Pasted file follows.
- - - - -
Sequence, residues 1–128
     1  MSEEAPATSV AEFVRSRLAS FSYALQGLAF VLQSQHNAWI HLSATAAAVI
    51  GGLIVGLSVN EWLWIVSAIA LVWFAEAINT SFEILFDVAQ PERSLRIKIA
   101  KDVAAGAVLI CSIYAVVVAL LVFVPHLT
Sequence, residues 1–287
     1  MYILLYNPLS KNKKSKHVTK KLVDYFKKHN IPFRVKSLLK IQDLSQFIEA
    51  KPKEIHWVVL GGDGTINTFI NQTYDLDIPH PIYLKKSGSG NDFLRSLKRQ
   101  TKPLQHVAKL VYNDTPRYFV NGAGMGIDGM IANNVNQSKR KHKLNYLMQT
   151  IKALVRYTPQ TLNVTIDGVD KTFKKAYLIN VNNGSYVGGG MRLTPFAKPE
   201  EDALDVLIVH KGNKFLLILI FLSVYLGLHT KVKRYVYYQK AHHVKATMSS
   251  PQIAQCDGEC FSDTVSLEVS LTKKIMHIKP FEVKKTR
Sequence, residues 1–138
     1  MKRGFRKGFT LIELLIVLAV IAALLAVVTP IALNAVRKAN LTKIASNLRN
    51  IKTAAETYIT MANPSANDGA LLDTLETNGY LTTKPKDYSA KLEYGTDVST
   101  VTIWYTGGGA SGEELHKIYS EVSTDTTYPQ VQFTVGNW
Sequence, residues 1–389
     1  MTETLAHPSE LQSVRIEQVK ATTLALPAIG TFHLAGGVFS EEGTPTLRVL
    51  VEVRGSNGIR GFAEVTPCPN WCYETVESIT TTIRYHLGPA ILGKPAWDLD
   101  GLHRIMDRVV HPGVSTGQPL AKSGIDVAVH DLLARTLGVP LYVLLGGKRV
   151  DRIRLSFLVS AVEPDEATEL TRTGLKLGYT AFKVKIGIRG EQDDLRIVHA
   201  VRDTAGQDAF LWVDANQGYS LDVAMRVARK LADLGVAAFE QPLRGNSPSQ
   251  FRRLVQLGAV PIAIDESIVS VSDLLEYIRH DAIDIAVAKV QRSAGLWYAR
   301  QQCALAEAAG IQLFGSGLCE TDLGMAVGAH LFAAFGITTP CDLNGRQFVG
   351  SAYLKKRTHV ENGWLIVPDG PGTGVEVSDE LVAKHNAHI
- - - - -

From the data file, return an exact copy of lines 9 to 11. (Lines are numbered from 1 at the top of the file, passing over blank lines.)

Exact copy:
   151  IKALVRYTPQ TLNVTIDGVD KTFKKAYLIN VNNGSYVGGG MRLTPFAKPE
   201  EDALDVLIVH KGNKFLLILI FLSVYLGLHT KVKRYVYYQK AHHVKATMSS
   251  PQIAQCDGEC FSDTVSLEVS LTKKIMHIKP FEVKKTR